But dance in theater is traditionally not central to the storyline. In opera, dance is mostly used as entertainment within the story, like circus performances or gypsy dances or prostitutes. In most musical theater, it is used in between scenes or as a backdrop to a more central part of the story. In rare cases like in West Side Story it becomes integral to the story line in addition to the singing. In traditional theater, the actors don’t ordinarily dance, but movement itself is usually essential. The Snowstorm is the only play I have ever seen where dance (as distinct from non-choreographed movement) is integral to the story and is used throughout the whole play and is equal in status to the music and dialogue. The play used dance movement as a way to seamlessly connect the audience with the hidden emotional states of each character and to help us escape into the imagination of the little boy Pavel.

Retreating into the imagination for comfort is a form of escapism that Pavel uses as a coping mechanism to deal with the emotional chasm that has grown between him and his father since his birth and the death of his mother. The teacher and the maids have become a surrogate family to him and with them he feels safe. It is through these animal dance scenes that he is working out trust. In the end of the play the father becomes a terrifying wolf who Pavel thinks is trying to attack him but is revealed in the end to be his father who finally makes an emotional plea with Pavel to not be afraid and to understand that he is loved.

I really enjoyed being transported into Pavel’s imagination and watching the animals come to life. The masks were beautiful and their lack of facial details gave them a feeling of mystery and otherworldliness. It refocused our attention on their dancing to fully define the characters of the animals. Pavel is the cunning little fox, his teacher is a Hawk, and the maids are a bear and a hen. I was reminded of Beatrix Potter’s illustrations of animals living like people, mixed with a classic story ballet and dancing animals.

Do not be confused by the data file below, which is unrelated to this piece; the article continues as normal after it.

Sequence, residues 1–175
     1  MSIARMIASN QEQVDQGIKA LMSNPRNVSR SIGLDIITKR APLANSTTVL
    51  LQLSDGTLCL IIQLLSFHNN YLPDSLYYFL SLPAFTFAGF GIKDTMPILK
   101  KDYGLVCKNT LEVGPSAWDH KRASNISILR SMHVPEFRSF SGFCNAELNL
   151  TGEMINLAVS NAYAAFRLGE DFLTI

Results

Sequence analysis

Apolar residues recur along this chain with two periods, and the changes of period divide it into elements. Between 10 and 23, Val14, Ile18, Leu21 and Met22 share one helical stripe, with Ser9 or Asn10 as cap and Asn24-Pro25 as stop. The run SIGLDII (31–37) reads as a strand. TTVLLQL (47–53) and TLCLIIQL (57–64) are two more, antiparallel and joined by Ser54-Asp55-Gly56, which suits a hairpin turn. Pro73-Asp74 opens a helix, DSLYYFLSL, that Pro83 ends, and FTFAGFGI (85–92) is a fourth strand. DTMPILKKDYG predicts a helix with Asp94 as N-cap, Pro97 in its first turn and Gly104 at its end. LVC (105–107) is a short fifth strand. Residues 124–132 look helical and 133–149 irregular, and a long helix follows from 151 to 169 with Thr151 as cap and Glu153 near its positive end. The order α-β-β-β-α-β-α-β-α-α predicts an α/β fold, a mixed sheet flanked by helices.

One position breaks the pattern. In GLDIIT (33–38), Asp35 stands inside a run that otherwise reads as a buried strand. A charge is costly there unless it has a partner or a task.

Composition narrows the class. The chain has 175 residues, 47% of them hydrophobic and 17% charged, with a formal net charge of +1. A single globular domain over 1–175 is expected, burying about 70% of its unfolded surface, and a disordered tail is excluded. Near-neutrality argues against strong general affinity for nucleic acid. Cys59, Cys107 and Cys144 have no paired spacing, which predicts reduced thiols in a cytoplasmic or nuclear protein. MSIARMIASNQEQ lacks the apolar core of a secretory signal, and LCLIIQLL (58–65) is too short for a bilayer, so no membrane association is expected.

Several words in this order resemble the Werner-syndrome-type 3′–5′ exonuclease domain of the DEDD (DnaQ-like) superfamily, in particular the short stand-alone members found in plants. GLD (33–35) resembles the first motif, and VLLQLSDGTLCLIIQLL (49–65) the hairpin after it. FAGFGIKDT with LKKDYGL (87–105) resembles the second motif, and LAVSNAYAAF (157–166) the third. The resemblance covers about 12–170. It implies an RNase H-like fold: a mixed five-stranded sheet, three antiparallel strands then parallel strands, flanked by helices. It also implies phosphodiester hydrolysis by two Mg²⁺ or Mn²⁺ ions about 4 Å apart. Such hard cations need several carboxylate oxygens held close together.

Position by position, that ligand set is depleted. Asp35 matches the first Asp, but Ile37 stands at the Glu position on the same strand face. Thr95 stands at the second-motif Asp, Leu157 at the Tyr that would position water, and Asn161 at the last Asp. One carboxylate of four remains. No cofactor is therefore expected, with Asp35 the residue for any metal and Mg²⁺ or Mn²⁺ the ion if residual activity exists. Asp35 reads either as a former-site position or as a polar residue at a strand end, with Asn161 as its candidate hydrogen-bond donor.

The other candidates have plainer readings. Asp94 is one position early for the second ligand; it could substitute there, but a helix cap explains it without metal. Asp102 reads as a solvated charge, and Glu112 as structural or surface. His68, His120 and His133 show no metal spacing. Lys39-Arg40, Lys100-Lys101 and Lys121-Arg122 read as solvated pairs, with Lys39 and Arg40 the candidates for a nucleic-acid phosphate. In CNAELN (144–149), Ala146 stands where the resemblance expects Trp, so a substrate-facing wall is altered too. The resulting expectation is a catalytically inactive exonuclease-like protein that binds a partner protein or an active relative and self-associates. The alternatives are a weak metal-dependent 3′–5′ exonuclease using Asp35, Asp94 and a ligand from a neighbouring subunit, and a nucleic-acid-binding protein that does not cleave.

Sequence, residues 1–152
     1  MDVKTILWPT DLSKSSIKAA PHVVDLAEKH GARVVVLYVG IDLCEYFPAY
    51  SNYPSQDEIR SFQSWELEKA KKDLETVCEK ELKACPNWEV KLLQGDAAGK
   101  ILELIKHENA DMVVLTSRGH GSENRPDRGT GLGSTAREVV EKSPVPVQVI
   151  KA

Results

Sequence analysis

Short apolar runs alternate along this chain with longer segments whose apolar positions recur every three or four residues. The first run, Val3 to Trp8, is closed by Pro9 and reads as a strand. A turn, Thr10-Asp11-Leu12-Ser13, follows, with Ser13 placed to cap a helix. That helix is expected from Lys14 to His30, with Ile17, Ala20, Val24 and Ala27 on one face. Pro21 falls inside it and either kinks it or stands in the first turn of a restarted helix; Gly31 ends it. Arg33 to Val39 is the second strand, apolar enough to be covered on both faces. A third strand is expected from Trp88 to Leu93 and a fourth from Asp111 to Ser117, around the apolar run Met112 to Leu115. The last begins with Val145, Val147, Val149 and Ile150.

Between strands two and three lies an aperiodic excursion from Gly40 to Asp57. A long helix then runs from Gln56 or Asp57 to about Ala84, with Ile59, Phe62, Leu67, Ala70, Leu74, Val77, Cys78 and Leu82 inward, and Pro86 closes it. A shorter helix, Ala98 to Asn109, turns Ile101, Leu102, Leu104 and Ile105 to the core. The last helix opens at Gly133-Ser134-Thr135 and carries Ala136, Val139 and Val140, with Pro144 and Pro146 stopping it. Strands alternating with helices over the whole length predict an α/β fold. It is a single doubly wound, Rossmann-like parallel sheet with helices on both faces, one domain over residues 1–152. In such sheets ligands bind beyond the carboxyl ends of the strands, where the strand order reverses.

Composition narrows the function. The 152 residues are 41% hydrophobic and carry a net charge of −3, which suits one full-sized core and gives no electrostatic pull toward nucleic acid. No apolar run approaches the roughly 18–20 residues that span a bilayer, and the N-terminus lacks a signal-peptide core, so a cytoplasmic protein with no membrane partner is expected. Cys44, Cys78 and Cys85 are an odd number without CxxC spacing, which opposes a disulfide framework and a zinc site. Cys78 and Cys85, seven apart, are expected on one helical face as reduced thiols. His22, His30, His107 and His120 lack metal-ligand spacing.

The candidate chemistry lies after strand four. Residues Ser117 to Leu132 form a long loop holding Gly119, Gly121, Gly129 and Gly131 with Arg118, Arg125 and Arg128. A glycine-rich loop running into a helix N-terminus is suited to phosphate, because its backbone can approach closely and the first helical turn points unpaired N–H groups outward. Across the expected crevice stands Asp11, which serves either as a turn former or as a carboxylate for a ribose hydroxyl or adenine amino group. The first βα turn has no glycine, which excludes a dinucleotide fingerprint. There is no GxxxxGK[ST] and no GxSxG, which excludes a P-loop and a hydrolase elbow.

snowstorm masks

Dance also contributed to our understanding of the other characters and their history. In one, Anna leaves a party quickly, heavily burdened by something unknown to us. On her walk home she pauses in a shadowy spot on the stage and is suddenly embraced from behind by an unknown man. He embraces her from behind forcing her to cross her arms in front hugging herself while being hugged. Together they slowly open and close this embrace in agony, like every bit of touch and movement is painful. Finally she pushes him back and silently screams up into the heavens in an expression of total abandoned grief.

Their second dance was equally powerful. Again out of the shadows the man appears but this time they are crouched on the floor facing each other. This time, the encounter seems more real than the last because Anna and the man are actually talking to each other. Together they roughly try to piece together a memory of their wedding, which never actually happened. It’s a dance that keeps adding on and going back to the beginning and adding on a little more, its like a dance rehearsal. No, this is how it went, no it was like this, no not like that. Anna gets so frustrated that she pushes away the man in the end and it becomes clear that he is a ghost.

Not every dance worked so well. When he hears the news of his wife’s death, Dmitri ‘explodes’ in an awkward, slow motion, robotic-looking expression of his grief. This was the first real physical expression of his inner world. The awkwardness was in line with his character but his dancing contribution to the show as a whole was much less than the other characters’. Overall, the dance movement in the actors’ bodies looked very natural, as if created from a real physical reaction to an emotion rather than steps arranged or drawn from a specific dance form and placed on the dancers. Having the characters dance gave them a more three-dimensional look, less stilted and blocky like in traditional theater or opera.